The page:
With so much love around me from both Hamilton College and the Hamilton Community, I feel a strong sense of responsibility. I don’t want to just be the receiving end of love from people around me. I was inspired by my favorite movie of all time called “Pay it forward.” In the movie, after receiving an assignment to change the world for the better, the main character comes up with a plan called "Pay it forward," which means that the recipient of a favor does a favor for a third party rather than paying the favor back. I have tried to spread love to people around me and give back to the community. In the smaller Hamilton Community, from helping my fellow classmates work out tough math problems at the QSR Center, to teaching refugees English through the SHINE program, to helping low-income families prepare their income tax returns, to accompanying the elderly in the game of bridge, to singing at nursing homes during breaks, I have passed on the love I have received to people around me. In the larger global community, I have represented global youth at the United Nations Climate Change Conference in Cancun, Mexico in 2010 and delivered a speech at the opening plenary session of the conference, in which I urged policy makers from developed countries to face up to their responsibilities and provide climate finance to developing countries in need. On all occasions, I am always very proud to tell them that I am a student from Hamilton College, and it is Hamilton that taught me how to become a well-rounded person, to love and care for others, to speak and write clearly, and to think globally.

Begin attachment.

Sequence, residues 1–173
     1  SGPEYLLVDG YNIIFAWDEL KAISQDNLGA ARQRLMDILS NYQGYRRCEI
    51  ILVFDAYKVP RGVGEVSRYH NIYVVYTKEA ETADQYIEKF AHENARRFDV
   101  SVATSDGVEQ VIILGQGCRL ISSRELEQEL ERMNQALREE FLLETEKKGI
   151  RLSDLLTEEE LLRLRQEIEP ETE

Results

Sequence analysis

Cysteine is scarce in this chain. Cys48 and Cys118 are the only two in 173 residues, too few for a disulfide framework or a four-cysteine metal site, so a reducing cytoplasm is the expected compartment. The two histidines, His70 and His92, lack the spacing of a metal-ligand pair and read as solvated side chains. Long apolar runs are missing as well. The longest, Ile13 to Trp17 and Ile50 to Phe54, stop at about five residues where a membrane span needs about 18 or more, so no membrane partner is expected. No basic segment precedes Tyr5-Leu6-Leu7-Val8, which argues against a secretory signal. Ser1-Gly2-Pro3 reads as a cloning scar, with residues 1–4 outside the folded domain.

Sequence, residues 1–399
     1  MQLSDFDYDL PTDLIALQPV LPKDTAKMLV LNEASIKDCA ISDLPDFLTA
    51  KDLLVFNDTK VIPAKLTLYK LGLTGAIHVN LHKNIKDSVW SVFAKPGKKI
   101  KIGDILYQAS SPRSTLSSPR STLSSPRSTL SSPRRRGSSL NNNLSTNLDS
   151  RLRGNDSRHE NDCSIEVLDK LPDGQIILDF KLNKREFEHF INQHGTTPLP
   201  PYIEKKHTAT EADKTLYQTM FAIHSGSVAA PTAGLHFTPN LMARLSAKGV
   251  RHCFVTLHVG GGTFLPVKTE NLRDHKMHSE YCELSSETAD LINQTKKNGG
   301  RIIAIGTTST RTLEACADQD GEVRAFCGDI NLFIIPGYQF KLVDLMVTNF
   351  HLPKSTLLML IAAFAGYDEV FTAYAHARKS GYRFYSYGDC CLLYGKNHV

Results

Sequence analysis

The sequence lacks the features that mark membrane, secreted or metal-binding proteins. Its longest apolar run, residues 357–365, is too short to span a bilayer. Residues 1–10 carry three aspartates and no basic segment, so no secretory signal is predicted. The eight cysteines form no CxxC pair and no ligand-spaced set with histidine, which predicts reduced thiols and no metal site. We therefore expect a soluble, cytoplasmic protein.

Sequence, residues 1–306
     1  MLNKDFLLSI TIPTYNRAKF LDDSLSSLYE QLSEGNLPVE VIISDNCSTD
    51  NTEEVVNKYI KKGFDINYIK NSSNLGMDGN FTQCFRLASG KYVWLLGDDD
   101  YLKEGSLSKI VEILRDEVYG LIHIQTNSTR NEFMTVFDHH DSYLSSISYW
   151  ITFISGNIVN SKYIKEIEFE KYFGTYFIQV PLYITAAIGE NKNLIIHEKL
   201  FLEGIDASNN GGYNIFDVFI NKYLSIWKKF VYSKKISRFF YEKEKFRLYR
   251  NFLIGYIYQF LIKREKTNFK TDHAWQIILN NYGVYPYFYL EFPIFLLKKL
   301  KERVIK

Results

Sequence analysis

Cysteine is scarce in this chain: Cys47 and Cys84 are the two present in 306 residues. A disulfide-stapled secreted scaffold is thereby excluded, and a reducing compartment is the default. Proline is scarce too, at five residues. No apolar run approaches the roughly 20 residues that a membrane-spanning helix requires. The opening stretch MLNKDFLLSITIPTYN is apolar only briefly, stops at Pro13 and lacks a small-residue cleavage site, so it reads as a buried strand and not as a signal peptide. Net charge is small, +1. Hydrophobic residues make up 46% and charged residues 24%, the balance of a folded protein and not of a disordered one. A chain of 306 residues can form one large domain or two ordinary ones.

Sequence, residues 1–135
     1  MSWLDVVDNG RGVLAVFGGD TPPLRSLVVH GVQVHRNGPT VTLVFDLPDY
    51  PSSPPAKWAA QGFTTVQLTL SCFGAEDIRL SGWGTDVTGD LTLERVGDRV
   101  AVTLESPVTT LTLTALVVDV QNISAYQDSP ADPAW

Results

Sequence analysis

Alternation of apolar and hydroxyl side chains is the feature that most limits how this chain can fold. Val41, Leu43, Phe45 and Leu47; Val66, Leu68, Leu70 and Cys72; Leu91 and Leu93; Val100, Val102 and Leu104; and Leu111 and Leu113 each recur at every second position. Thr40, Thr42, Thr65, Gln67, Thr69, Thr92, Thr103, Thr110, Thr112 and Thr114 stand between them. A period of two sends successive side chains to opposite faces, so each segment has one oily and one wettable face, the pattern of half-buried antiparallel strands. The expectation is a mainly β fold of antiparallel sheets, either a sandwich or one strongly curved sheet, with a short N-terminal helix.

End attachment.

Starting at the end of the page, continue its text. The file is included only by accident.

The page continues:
Class of 2012, as we are starting the next phase of our lives after Hamilton, let us take a moment to think about the love and care that we have received from people around us during our four years at Hamilton. Many of us have already taken actions to pass on the love we received to others around us, so let’s keep up the great work after we leave Hamilton. As a math major, I would call it a “bifurcation of love,” when love is passed on from one person, to two people, to four, to eight, approaching infinity exponentially. In this way, love can be passed on continuously and reach every corner of the world, so the world will be filled with love.

Class of 2012, we have all overcome many challenges to get to where we are today, and every one of us has achieved success in our own ways. We should thank our parents for their unconditional love and support and we should thank Hamilton College for providing us a place to learn how to write effectively, to learn from each other and to think for ourselves. Tomorrow, we are leaving Hamilton for the next phase of our lives, and there will be many more difficulties and setbacks ahead of us. However, with persistence, courage and ability, we are trained by Hamilton to tackle all challenges and achieve greater successes. In that way, we can repay our parents for their love, support our great institution for its future success, and make a difference in our community. Thank you!